Delivery: When the GalNAc-conjugated molecule is injected into the bloodstream, the GalNAc moiety acts like a key that unlocks the ASGPR on liver cells. This specific interaction allows the therapeutic molecule to be efficiently delivered into the liver cells.


  • Dyes & Quenchers

    Our dye product line include biotin, Cyanine series, FAM, TAMRA, HEX, TET, etc.


    Fluorescein labelled oligonucleotides have found applications in DNA sequencing and amplification, as well as techniques for genetic analysis. In the forefront of this development has been current fluorescein phosphoramidite.


    Fluorescent–labeled phosphoramidites feature absorption and emission spectra suitable for a broad range of applications, including microscopy and PCR. These phosphoramidites may be used on all automated DNA synthesizers using standard synthesis procedures.


    A dark quencher (also known as a dark sucker) is a substance that absorbs excitation energy from a fluorophore and dissipates the energy as heat; while a typical (fluorescent) quencher re-emits much of this energy as light. Dark quenchers are used in molecular biology in conjunction with fluorophores. When the two are close together, such as in a molecule or protein, the fluorophore's emission is suppressed. This effect can be used to study molecular geometry and motion.

  • Cyclic Nucleotides (CDNs)

    General structures for Cyclic Nucleotides (CDNs)

    CDNs' applications in oligo synthesis:


    Modulation of enzymatic activity: Certain enzymes involved in oligonucleotide synthesis, such as kinases and phosphatases, can be regulated by CDNs. By controlling the activity of these enzymes, researchers can potentially influence the efficiency and fidelity of the synthesis process.


    Development of novel oligonucleotide analogs: The cyclic structure and unique properties of CDNs can inspire the design of novel oligonucleotide analogs. These analogs could possess improved properties like enhanced stability against degradation or specific binding affinities.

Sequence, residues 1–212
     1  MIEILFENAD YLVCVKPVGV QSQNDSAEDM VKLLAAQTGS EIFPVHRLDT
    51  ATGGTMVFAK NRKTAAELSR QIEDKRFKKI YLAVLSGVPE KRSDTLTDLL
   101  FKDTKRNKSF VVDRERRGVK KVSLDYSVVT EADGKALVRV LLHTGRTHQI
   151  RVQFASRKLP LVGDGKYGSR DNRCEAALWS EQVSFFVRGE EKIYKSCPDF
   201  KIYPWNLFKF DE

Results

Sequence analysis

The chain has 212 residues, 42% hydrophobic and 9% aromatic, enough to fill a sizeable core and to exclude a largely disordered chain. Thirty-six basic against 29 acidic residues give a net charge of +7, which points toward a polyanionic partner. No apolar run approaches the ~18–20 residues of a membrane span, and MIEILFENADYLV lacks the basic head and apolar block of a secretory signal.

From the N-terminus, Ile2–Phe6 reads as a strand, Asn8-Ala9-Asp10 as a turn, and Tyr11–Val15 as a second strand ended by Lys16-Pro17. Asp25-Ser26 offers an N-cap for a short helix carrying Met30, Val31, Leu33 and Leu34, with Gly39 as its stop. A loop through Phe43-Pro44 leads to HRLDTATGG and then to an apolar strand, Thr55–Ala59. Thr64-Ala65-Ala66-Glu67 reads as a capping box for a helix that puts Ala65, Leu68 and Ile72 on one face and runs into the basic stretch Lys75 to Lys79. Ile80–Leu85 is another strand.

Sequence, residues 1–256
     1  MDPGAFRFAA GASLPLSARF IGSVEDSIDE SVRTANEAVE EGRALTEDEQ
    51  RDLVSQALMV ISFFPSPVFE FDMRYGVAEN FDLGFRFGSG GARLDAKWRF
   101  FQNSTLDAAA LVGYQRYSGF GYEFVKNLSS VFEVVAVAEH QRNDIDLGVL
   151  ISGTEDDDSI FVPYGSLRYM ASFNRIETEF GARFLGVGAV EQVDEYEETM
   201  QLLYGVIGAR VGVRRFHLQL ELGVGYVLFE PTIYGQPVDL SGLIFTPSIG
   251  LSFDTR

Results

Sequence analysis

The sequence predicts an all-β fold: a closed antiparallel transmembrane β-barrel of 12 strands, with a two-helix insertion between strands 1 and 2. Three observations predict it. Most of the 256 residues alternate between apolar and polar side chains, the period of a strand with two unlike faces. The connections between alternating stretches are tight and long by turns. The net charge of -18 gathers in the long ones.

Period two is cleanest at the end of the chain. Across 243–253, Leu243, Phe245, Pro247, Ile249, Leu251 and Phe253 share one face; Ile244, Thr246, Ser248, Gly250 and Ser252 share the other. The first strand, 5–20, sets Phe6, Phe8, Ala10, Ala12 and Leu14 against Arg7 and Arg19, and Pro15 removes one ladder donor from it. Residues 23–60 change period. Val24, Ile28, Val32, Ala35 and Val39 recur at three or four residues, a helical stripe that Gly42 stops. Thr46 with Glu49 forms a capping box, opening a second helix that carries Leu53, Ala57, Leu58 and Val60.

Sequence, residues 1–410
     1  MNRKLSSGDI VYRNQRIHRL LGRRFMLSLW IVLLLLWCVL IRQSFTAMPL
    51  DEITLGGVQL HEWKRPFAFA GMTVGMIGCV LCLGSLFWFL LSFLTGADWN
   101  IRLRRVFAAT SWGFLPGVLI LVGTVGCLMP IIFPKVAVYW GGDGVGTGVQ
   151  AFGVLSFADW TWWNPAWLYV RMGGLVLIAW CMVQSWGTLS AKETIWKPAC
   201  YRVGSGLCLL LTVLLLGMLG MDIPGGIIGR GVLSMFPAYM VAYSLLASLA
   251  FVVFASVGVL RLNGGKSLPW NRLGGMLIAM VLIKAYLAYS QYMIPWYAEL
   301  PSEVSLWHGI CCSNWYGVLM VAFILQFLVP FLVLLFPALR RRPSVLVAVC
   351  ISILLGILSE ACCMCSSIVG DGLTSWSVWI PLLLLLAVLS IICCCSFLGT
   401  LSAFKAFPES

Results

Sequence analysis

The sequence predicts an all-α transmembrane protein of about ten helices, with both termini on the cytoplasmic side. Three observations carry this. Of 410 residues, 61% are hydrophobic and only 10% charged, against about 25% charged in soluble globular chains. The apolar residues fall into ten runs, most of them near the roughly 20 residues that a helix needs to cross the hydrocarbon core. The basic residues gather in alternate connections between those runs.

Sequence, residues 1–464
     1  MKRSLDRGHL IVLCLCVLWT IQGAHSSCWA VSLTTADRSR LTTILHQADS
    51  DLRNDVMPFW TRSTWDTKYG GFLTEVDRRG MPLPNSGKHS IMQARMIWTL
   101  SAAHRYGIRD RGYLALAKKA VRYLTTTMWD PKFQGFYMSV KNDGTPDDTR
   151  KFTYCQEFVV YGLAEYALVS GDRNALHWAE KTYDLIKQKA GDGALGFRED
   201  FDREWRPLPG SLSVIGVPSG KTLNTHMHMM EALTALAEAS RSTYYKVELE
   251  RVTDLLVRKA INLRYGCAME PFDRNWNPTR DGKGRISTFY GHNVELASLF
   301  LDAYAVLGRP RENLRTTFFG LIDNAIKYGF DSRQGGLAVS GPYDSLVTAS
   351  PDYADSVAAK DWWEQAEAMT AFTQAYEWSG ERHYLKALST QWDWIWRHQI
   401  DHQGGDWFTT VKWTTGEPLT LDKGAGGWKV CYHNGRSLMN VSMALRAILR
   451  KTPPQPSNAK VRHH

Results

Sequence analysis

Customized CDNs 3’-5’

    A1, A2 = Nucleic base/nucleic base analogue
    X1YZ2, X2Y'Z1 = OP(O)2O- or else
    R1, R2 = H, OH, O-side chain or F, etc.


    Custom synthesis available, Purity ≥ 95%

    Customized CDNs 5’-5’

    A1, A2 = Nucleic base/nucleic base analogue
    X1YZ2, X2Y'Z1 = OP(O)2O- or else
    R1, R2 = H, OH, O-side chain or F, etc.


    Custom synthesis available, Purity ≥ 95%

  • Dinucleosides phosphate

    General structures for Dinucleosides phosphate

    Dinucleoside Phosphates: A Niche Application in Oligonucleotide Synthesis


    While the phosphoramidite approach reigns supreme in solid-phase oligonucleotide synthesis, dinucleoside phosphates offer a specialized yet valuable strategy for constructing short oligonucleotides in solution.


    The H-Phosphonate Approach and Dinucleoside Building Blocks


    The utility of dinucleoside phosphates lies within the H-phosphonate approach, an alternative to the dominant phosphoramidite methodology. This approach leverages dinucleoside H-phosphonates, which possess a phosphate group bridging two nucleoside units, as the fundamental building blocks. Subsequent condensation of these dinucleoside H-phosphonates with additional nucleosides facilitates the construction of longer oligonucleotides.

    Customized Dinucleosides phosphate

    B = Nucleic base/nucleic base analogue
    R = OH, OMe, OMOE, etc.

  • Dimer Phosphoramidites

    General structures for Dimer Phosphoramidites